You wouldn’t expect that putting General David Petraeus in charge of anything would be a mistake. He’s quite possibly the greatest military mind in a generation and certainly one of the era’s most brilliant leaders, but President Obama made a mistake on Wednesday by handing the reins in Afghanistan over to the architect of success in Iraq.
Putting Petraeus in charge wasn’t really the mistake, and his expertise will soften the blow of the president’s true misstep — accepting the resignation of General Stanley McChrystal.
McChrystal was pegged as “The Runaway General” by a freelance writer in the latest issue of Rolling Stone. The author was granted access to the general and his inner circle and quoted the team and the commander saying some pretty negative things about many of the American civilian leaders involved in the conflict in Afghanistan.
Most of what was said in the article attacked the individuals’ personalities and skills rather than the overall mission. Long story short, McChrystal and his team don’t think the civilians in charge are doing a very good job and said so in a disrespectful way.
No one will fancy McChrystal tactful and he deserves that criticism, but he shouldn’t have been relieved of his command. He wasn’t being insubordinate — he was being a loudmouth jerk.
The president’s move was more Jefferson Davis than Abraham Lincoln. He fired someone who he has a personal problem with, not someone who was doing a bad job. Making him come to the White House to apologize was enough to show his authority. Actually showing him the door displayed a lack of leadership that made the president look small.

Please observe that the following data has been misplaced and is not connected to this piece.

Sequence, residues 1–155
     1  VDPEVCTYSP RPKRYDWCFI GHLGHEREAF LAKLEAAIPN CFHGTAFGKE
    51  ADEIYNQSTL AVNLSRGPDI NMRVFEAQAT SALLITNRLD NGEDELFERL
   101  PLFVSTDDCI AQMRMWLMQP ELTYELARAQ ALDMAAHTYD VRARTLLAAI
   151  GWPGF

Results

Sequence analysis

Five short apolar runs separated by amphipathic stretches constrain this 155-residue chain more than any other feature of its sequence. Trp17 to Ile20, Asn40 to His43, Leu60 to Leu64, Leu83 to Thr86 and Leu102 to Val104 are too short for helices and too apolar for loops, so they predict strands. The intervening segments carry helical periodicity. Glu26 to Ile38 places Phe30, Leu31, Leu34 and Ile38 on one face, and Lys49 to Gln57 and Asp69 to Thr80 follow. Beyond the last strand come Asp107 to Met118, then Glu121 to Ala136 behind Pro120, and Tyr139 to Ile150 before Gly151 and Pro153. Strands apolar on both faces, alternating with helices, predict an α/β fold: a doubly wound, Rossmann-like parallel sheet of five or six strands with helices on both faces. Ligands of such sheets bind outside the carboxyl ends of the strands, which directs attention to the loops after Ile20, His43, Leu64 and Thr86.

He should have asked him to explain himself, shake his head and send him straight back to Afghanistan to win. The president should have showed he valued usefulness above all else. Lincoln kept the best generals and fired the worst ones.
Davis, on the other hand, fired people for petty reasons and personal revenge. It may seem like a good idea to have a group of loyal lieutenants, but it also reduces the number of truly competent people you have fighting for your cause.
This mistake won’t be as costly because he replaced him with Petraeus. But this move shows that the president fails another test of his executive prowess.
With such a high profile job, the president needs to take attacks less personally. He fights back whenever anyone goes after him, rather than truly being above the fray. It was a skill he used effectively during the campaign but has failed to do so when the pressure is on.
McChrystal was wrong to attack his superiors in the press, but he shouldn’t have been fired. If you don’t agree, consider this. Keith Olberman, who has recently attacked the president from the left, agrees with this columnist, who often hits the commander-in-chief from the right.
He would have owned the political aftermath. He would have looked like a leader. I was literally ready to write this column in support of his wise decision to let McChrystal stay, yet he failed to do so.
It was his moment to be Lincoln. He may never have another.